Common Law States & Community Property States

Virginia property law ownership is complex and may change along with your marital status. There are important differences between common law and community property states.

When it comes to property ownership, there are common law property states and community property states.

While almost all states are considered common law property states, nine are regarded as community property states.

So, what are the differences between common law property states and community property states?

Common Law Property

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In common law property states, property belongs to the title owner – even if it is acquired after marriage.

Therefore, property you acquire is only owned by you, unless you otherwise name your spouse under the title or deed to the property.

There are 41 states that practice common law property, including Virginia.

When you pass away, you are able to leave property to whomever you choose.

However, leaving your estate intestate, or without a will, means your successors – as directed in the Virginia Code – inherit your property.

In order for property to be yours, it must have a title or deed with your name to prove sole ownership.

You cannot bequeath property that you do not own outright.

Tenancy in Common

Establishing tenancy in common between you and your spouse means that you each hold interest in the property.

However, each share is held separately, and is therefore separately transferrable.

In other words, you hold a separate interest from your spouse, which you are able to bequeath to anyone you designate. 

Your spouse is not the automatic inheritor of your share of interest.

Your division of interest considers the property as a whole, not in parts.

As a tenant in common, you and your spouse have no specific interest in particular aspects of the property.

Therefore, you are free to designate any beneficiary to inherit your share.

Joint Tenancy

Spousal joint tenancy is similar to tenancy in common, although slightly different in inheritance.

You and your spouse share ownership obligations and responsibilities, however, your joint tenancy carries a “right of survivorship” for each share.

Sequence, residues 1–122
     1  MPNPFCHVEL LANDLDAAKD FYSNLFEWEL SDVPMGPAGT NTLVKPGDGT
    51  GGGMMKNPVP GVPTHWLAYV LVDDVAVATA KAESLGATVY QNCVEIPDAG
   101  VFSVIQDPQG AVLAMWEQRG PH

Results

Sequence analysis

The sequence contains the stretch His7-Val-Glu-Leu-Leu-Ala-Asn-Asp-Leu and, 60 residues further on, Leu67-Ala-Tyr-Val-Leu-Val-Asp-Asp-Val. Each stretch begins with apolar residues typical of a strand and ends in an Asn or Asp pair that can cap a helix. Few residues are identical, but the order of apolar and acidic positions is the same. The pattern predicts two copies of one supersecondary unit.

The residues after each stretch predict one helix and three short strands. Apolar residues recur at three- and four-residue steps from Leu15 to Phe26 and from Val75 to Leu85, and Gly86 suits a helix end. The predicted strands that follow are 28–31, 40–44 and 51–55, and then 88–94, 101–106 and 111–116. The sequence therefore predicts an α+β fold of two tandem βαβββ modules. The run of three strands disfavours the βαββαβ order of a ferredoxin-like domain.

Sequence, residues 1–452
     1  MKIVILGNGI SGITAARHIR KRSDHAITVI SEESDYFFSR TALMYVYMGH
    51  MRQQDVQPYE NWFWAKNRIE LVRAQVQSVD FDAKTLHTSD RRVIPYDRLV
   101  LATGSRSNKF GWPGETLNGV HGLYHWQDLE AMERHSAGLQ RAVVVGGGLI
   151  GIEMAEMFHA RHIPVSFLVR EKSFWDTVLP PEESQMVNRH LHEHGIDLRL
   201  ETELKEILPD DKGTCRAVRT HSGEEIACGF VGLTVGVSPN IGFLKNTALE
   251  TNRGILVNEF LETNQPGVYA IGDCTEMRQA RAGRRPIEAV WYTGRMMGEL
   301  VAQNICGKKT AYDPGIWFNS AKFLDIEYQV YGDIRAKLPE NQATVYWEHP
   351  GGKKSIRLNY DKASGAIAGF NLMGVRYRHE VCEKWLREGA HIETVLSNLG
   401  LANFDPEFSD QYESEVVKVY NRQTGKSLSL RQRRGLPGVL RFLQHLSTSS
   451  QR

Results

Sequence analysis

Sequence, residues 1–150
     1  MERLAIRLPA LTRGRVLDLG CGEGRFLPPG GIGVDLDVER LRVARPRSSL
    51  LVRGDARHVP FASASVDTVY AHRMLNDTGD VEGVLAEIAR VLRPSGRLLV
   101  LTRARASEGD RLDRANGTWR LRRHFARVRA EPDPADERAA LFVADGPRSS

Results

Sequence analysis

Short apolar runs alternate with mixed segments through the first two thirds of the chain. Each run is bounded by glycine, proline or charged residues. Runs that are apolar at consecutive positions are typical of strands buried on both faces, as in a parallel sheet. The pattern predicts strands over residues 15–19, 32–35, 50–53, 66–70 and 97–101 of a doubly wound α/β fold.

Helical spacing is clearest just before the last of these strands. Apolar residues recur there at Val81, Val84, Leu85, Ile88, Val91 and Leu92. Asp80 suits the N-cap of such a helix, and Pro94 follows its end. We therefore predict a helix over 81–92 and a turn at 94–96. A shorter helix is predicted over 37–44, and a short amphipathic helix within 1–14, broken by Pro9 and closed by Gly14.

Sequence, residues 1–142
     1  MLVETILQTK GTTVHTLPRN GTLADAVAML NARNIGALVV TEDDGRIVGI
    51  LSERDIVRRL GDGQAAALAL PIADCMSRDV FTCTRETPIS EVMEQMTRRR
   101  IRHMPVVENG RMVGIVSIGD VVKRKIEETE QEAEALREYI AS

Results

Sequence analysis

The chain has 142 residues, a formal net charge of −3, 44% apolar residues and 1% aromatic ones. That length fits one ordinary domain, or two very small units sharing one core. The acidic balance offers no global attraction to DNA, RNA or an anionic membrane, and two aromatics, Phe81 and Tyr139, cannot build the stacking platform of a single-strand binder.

Therefore, you inherit your spouse’s share immediately upon death, and vice-versa.

The property of your joint tenancy agreement is immediately inherited by the surviving spouse, which exempts that property from probate procedure.

You create your joint tenancy by establishing a will or a trust, at which time you opt for “joint tenancy” on the deed of the property in question.

When one of you dies, the other inherits automatically, barring any beneficiaries outside of the partnership to inherit the property.

Tenancy by the Entirety

Under tenancy by the entirety, you and your spouse do not own shares of the property. Instead, you own the property together, as a single legal entity.

You and your spouse are barred from surrendering ownership without the approval of the jointly partnered spouse.

This form of joint tenancy is only available to married couples due to the nature of the property’s ownership.

Tenancy by the entirety is comparable to the practice of community property, however, tenancy by the entirety is optional for property ownership.

Community Property

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Marital Community Property

In the states of Alaska, Arizona, California, Idaho, Nevada, New Mexico, Texas, Louisiana, Wisconsin and Washington, property between spouses is considered community property.

Community property is any tangible and intangible property between spouses: monetary income, property, and debts accrued during the marriage.

Therefore, spouses own the property equally, as well as owe the debts equally – so long as they are obtained after the marriage.

However, there are some properties that remain separate in community property states, including:

  • Property owned by a spouse prior to marriage, or following separation
  • Inheritances or gifts made to one spouse during the marriage
  • Pre-marital debts

Generally, these forms of property are considered separate from the marital estate.

“Opt-in”

Spouses in some community property states, like Alaska, have the ability to “opt-in” property that would otherwise be considered separate property.

For example, if you own a house that you purchased prior to your marriage, you can opt-in that property as a community asset by adding your spouse’s name to the title or deed of ownership.

This inclusion creates the property as community property.

The opt-in of spousal ownership of property cannot be revoked without the express permission of both parties.

Designated Separate Property

Living in a community property state does not mean that you are only entitled to community property after marriage.

It is still possible to own property separate from your spouse following your union.

A spouse who inherits property is not required to share that property’s ownership with a spouse.

Additionally, property that is given as a gift to one spouse is not owned by the pair, it is owned by the beneficiary.

The establishment of a pre-nup, post-nup, or written agreement establishing your separate and community property allows you to avoid automatic community property assumptions.

A pre-nup is signed before your union, while a post-nup is enacted once you’re already married.

A written agreement is drafted at any point in the marriage to cover any individual property.

Conclusion

State property law is complex, and can determine whether you truly own your property or not.

Therefore, it’s important to your estate plan to establish your ownership, and if not, your share of ownership.

Remember, you cannot bequeath property that you do not own outright.

To review ownership of your estate property, schedule a consultation with our estate planning attorney.

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